Econkids

Rutgers University Project on Economics and Children

EconKids Home New Picture Books in 2008 (First Word Q-Z) The City Kid & the Suburb Kid / by Deb Pilutti, illustrated by Linda Bleck

The City Kid & the Suburb Kid / by Deb Pilutti, illustrated by Linda Bleck

 

Title: The City Kid & the Suburb Kid
Author: Deb Pilutti
Illustrator: Linda Bleck
Publisher: Sterling Publishing Company, Inc.
ISBN: 978-0-8109-0637-2
Year: 2008

Concepts
: trade-offs, opportunity cost, cost-benefit analysis

Review
Children will enjoy exploring life in a city and a suburb while reading this flip book. Readers might begin with the story that chronicles Jack’s trip to visit his cousin Adam in the suburbs or flip the book over and start by reading about Adam’s journey to visit Jack in the city. Regardless of where the reader begins, he/she will see similarities and differences in the lives of the two boys. Within each setting the boys enjoy a variety of activities, including: exploring the neighborhoods, sleeping under the stars, and eating a special family meal. A careful examination of the illustrations, however, reveals that each activity looks very different in the city and the suburb.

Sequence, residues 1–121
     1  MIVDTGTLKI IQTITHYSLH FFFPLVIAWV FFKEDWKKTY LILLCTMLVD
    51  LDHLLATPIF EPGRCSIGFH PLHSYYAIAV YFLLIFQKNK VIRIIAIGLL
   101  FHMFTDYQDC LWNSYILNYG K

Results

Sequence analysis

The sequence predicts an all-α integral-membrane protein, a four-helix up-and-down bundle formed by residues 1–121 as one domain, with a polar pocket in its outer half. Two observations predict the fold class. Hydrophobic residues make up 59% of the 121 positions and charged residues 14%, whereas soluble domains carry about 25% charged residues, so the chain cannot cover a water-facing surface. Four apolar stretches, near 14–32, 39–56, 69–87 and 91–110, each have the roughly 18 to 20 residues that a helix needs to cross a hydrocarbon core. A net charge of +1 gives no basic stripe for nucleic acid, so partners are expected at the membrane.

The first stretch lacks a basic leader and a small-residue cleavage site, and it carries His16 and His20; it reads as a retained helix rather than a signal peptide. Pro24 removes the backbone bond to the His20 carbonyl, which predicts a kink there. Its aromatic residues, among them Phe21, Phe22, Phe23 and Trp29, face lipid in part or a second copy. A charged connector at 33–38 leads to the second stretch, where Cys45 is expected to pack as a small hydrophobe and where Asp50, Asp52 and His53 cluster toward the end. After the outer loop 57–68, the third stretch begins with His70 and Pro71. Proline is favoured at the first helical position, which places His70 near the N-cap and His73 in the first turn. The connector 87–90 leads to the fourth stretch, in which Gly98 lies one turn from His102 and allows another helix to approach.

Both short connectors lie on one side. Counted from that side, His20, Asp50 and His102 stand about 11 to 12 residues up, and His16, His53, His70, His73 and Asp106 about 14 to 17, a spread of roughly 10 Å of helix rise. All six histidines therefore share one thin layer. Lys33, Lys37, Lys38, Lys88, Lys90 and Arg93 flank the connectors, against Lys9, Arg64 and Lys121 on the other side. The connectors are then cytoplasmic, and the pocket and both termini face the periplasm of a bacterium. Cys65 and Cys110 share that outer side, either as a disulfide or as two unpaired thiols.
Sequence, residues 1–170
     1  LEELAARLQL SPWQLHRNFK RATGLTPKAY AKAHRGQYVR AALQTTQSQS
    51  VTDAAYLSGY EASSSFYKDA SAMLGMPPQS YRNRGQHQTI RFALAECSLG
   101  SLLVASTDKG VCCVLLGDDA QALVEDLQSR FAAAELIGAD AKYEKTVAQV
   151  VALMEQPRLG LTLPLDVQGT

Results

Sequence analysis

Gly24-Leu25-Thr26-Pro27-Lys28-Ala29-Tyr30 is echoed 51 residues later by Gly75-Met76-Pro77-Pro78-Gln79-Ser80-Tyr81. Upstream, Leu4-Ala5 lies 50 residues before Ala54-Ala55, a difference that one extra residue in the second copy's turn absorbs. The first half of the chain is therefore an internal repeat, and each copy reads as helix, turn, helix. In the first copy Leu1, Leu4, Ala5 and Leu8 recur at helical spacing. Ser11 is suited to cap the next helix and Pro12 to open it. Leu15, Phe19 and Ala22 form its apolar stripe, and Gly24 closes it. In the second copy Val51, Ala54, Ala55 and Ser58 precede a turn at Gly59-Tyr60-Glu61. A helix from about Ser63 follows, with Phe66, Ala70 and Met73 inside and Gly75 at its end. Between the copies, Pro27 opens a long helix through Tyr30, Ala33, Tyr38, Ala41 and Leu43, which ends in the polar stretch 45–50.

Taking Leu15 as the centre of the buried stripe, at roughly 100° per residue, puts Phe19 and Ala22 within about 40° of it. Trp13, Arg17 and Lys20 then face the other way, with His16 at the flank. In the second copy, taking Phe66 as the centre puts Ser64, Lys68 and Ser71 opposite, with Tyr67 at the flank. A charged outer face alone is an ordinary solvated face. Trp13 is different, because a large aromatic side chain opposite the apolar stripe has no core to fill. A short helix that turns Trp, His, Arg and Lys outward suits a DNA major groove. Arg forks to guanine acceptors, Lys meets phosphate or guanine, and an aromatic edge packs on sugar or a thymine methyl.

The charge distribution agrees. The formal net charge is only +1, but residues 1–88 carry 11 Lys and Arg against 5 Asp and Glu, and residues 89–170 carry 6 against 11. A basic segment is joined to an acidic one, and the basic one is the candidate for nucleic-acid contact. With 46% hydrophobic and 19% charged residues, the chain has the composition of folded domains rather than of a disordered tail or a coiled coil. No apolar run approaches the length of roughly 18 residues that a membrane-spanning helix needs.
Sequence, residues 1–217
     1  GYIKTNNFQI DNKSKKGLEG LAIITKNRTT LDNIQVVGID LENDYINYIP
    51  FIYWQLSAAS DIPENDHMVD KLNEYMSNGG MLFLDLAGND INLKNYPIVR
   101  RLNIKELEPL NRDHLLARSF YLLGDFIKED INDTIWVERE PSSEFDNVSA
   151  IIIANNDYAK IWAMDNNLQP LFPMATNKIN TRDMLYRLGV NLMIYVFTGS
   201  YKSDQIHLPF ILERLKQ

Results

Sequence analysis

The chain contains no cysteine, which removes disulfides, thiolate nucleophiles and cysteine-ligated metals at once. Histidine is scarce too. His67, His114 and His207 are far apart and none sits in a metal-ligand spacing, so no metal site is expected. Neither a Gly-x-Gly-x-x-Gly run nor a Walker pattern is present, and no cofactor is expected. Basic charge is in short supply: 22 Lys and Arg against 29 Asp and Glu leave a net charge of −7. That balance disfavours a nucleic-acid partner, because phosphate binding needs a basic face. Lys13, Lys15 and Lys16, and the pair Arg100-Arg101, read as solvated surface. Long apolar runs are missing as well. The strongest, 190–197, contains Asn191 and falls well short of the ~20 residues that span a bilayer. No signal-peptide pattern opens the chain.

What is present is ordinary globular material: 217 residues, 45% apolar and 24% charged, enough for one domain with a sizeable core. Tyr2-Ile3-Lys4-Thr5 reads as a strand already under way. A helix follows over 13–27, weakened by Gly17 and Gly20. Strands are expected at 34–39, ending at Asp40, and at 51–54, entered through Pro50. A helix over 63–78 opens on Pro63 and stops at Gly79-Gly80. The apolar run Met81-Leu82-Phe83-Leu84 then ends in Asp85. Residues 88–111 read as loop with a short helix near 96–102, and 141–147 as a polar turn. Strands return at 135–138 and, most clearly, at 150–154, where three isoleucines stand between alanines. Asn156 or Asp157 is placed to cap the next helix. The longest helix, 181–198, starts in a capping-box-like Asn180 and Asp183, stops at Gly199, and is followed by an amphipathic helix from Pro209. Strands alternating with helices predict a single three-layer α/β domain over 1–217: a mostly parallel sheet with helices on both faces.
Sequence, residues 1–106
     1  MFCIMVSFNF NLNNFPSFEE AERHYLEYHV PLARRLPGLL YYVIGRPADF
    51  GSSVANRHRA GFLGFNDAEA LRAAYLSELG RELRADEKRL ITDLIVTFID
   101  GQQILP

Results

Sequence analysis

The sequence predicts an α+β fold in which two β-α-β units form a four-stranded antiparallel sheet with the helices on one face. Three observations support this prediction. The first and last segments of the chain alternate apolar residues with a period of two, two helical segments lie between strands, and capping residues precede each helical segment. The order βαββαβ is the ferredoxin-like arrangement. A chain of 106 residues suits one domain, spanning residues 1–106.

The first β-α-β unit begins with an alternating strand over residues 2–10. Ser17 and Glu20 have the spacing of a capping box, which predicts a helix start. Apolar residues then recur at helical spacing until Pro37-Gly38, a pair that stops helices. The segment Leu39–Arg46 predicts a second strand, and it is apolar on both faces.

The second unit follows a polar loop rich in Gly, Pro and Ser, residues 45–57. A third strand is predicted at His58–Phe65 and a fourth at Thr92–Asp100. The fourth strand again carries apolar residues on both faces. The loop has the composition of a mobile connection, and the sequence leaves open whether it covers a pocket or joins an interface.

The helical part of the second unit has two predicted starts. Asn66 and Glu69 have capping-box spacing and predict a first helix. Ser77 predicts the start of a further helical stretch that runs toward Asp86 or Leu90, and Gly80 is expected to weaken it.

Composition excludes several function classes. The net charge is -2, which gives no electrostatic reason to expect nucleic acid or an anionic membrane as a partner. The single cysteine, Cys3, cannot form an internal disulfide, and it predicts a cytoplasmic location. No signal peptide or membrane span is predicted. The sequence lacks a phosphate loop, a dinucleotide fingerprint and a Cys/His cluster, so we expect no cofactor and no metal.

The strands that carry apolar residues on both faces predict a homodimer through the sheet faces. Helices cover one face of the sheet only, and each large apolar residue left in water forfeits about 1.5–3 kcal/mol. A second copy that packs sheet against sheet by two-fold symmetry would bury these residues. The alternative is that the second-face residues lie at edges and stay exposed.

Initially, each boy eagerly anticipates the opportunities he will enjoy while visiting his cousin. Jack looks forward to getting away from mowing the lawn and waiting for his mom to drive him places. By comparison, Adam is excited to escape the noise of the city and the hot subway station. After the initial excitement, both boys begin to recognize that there are special things about home that they miss. Jack misses the tall buildings, his bedroom with a great view of the city, and the glow of the city lights at night. Adam longs for his dad’s cheeseburgers, his favorite movie theater, and the big oak tree. Ultimately, Jack and Adam are each very excited to return to his home.

This book can be used to explore a variety of economic concepts. Students might evaluate the costs and benefits associated with living in a city and a suburb, as well as the opportunity costs involved with a move to a new setting.

Review by
: Rutgers University Project on Economics and Children


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